William Clifton, who inherited what is now River Farm from a brother-in-law, was the first to build on it. In 1757, he constructed a brick house and named it Clifton’s Neck. Because of financial setbacks, he was forced to sell the property three years later in what was essentially a bankruptcy sale. Washington bought the 1,800 acres and changed the name to River Farm. It was the northernmost of Washington’s five farms.
Washington never lived on or worked the land at River Farm. He leased it to a tenant farmer before giving it as a wedding present to Martha Washington’s niece Fanny Bassett and her husband, Tobias Lear, who had been Washington’s secretary.
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Lear called it Walnut Tree Farm. A black walnut tree on the property is a nod to that name. It is not the only tree with roots that go back to Washington’s time. Washington brought back seeds of the Kentucky coffee tree after one of his surveying trips in the Ohio River valley and descendants of trees grown by Washington are at River Farm. The Ossage orange tree, the oldest tree at River Farm, was possibly a gift from Thomas Jefferson to the Washington family.
After Lear’s death, the farm was occupied by a nephew and a great-nephew of Washington. The property passed out of Washington’s family in 1859 when it was sold to three Quaker brothers. The estate had several owners before local businessman Malcolm Matheson bought it in 1919. Matheson undertook a massive renovation and expansion but preserved parts of the 1757 house. Many of his changes remain, including the foyer, the ballroom and the 18th-century-style paneling in rooms on the main level. After clearing acres of wild plants, he planted wisteria, boxwood and magnolia trees, creating a parklike grounds for his family. He renamed the estate Wellington.
In 1971, Matheson wanted to sell the estate and retire to Florida. He received several offers from the Soviet Embassy in Washington. The Soviets wanted to use the property for a retreat. Many Americans recoiled at the idea of George Washington’s farm falling into the hands of the Soviet Union. The outcry prompted Congress and the State Department to ask Matheson to withdraw the property from the market.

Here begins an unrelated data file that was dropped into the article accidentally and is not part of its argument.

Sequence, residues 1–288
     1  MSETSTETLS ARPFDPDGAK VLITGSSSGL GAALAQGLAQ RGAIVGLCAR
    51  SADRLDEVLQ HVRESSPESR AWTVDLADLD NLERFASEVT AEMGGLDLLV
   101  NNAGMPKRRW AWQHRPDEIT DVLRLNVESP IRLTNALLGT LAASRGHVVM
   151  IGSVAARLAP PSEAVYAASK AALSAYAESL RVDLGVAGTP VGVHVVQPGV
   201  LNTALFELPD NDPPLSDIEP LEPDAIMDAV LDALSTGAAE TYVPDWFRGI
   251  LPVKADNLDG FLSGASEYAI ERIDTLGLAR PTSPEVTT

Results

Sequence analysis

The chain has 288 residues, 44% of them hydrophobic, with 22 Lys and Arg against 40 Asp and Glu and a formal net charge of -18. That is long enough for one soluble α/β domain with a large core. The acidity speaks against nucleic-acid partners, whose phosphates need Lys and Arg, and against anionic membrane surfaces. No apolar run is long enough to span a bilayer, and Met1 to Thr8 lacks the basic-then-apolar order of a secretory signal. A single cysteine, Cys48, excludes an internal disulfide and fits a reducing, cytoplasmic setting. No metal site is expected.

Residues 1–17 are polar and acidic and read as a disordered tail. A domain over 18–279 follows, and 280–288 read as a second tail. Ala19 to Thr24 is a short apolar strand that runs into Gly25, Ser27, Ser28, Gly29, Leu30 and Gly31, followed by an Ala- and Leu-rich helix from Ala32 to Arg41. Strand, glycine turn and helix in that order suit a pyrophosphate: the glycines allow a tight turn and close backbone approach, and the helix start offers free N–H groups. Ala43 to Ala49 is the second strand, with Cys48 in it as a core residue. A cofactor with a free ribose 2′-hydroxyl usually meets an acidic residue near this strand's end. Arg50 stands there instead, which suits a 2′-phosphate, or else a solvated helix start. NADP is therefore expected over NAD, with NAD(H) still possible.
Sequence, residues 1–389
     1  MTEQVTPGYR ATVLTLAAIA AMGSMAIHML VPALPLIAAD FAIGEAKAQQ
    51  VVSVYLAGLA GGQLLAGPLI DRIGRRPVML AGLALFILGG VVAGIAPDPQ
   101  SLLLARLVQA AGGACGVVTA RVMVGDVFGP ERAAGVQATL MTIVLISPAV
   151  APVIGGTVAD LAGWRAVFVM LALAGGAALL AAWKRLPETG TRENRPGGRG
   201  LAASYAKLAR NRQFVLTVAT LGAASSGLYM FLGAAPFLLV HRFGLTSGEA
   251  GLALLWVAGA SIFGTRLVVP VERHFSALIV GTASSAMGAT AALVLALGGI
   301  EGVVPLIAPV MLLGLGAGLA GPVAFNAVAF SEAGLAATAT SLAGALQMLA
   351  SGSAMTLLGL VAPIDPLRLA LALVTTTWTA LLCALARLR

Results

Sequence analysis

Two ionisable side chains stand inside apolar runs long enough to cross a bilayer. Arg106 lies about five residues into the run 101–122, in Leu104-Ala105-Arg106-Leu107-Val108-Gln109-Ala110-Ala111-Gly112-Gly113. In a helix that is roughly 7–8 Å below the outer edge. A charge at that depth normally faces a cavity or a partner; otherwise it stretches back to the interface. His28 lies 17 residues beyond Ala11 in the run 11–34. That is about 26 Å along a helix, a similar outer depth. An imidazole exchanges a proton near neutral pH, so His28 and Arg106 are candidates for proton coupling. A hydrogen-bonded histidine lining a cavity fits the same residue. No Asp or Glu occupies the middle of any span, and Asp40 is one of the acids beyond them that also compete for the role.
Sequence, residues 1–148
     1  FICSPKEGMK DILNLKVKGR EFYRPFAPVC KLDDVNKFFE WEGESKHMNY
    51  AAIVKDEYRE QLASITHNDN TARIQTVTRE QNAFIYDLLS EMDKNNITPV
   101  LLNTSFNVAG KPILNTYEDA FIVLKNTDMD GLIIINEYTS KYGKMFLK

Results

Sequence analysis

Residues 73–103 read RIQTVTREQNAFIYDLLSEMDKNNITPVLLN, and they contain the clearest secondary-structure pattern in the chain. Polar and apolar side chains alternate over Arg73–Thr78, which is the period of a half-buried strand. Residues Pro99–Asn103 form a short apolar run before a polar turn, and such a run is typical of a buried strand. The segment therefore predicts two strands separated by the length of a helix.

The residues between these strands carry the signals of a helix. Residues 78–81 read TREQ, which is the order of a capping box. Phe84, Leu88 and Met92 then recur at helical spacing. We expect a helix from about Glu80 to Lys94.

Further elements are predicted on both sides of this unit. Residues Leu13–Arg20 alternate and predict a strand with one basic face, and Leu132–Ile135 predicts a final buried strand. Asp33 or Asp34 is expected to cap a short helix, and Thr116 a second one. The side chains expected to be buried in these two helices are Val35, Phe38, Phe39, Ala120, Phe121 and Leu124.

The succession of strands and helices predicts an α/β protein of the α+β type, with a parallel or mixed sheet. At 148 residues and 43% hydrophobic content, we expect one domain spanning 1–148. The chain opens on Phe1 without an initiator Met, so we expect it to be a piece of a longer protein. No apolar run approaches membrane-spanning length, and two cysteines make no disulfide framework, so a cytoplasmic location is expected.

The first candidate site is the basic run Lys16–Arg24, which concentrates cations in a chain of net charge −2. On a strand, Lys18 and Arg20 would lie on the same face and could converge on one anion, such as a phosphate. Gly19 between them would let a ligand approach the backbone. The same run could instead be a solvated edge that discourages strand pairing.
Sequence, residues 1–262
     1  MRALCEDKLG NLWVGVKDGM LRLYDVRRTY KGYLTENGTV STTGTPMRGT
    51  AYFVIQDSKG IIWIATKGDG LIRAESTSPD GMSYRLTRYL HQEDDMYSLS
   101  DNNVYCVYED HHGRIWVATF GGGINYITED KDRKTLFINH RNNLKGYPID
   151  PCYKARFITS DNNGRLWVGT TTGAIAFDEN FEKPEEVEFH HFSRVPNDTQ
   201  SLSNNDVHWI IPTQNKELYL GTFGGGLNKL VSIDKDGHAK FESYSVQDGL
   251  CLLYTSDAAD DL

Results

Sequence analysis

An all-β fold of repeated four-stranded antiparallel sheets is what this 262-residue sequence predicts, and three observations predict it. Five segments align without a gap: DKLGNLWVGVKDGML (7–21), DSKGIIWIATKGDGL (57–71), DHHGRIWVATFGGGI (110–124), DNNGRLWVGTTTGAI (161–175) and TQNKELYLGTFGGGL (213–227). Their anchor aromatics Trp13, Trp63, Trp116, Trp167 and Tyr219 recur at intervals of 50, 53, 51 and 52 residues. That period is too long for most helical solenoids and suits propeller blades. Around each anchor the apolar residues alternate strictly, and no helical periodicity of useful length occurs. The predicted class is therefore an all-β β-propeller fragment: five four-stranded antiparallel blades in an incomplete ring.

“I turned those Russians down four or five times,” Matheson told The Post in 1971. “I’m very glad the State Department took me off the hook.”
The American Horticultural Society purchased Wellington for $800,000 with the generous help of AHS board member Enid Annenberg Haupt. Haupt was the sister of Walter Annenberg who built their father’s publishing company into a media empire. In 1953, Walter named his sister editor in chief of Seventeen magazine, one of the family’s publications, and she ran it for 17 years.
Haupt was an avid gardener and a major philanthropist. She donated millions to support public gardens and horticultural institutions in New York, Washington and around the world. Besides assisting in the purchase of River Farm, she underwrote the Haupt Fountains on the Ellipse, between the White House and the Washington Monument, and she made a gift of the four-acre Victorian-style garden on the south side of the Smithsonian Institution’s Castle, now known as the Enid A. Haupt Garden.
For nearly 50 years, the American Horticultural Society has called River Farm home. But the society, which was founded in 1922, has fallen on hard times.
Post gardening columnist Adrian Higgins recently described River Farm as “a landscape of unfulfilled promise, struggling to look decorative but ultimately failing.” He pointed out that the property was gifted to AHS by Haupt but didn’t come with an endowment to ensure its upkeep. As a result, the society has struggled to balance its support of programs for members against the heavy financial burden of maintaining an old estate. The pandemic hasn’t helped.
The sale of River Farm has sparked an uproar from the community. Neighbors view it as a public park. Local clubs use it for events. And couples have been married in its gardens. There is a concern that a developer will buy the land, subdivide it and build several houses.
For its part, the AHS board acknowledges that fear. In a statement, board members wrote that it is important to them that “the buyer would be one who respects the surrounding neighborhoods as well as the conservation and historical value of the property.”
The 11,086-square-foot stone manor has six bedrooms and 10 bathrooms. Besides the main house, the nearly 28-acre property on the Potomac River has a carriage house, a cottage and two garages.
Listing agent: Sue Goodhart, Compass
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